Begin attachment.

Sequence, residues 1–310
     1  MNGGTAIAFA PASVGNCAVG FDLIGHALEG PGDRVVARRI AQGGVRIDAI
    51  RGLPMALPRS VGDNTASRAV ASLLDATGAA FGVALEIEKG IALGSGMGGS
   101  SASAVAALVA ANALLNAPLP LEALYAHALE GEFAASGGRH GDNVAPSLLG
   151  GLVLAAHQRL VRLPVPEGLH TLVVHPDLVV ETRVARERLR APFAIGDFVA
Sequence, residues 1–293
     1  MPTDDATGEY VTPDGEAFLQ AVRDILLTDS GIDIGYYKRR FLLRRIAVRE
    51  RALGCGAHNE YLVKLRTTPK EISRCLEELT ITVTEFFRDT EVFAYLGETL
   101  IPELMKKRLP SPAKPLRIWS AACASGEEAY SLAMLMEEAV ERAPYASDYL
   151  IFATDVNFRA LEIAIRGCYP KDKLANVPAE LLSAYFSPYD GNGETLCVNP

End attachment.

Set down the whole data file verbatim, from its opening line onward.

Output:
Sequence, residues 1–310
     1  MNGGTAIAFA PASVGNCAVG FDLIGHALEG PGDRVVARRI AQGGVRIDAI
    51  RGLPMALPRS VGDNTASRAV ASLLDATGAA FGVALEIEKG IALGSGMGGS
   101  SASAVAALVA ANALLNAPLP LEALYAHALE GEFAASGGRH GDNVAPSLLG
   151  GLVLAAHQRL VRLPVPEGLH TLVVHPDLVV ETRVARERLR APFAIGDFVA
Sequence, residues 1–293
     1  MPTDDATGEY VTPDGEAFLQ AVRDILLTDS GIDIGYYKRR FLLRRIAVRE
    51  RALGCGAHNE YLVKLRTTPK EISRCLEELT ITVTEFFRDT EVFAYLGETL
   101  IPELMKKRLP SPAKPLRIWS AACASGEEAY SLAMLMEEAV ERAPYASDYL
   151  IFATDVNFRA LEIAIRGCYP KDKLANVPAE LLSAYFSPYD GNGETLCVNP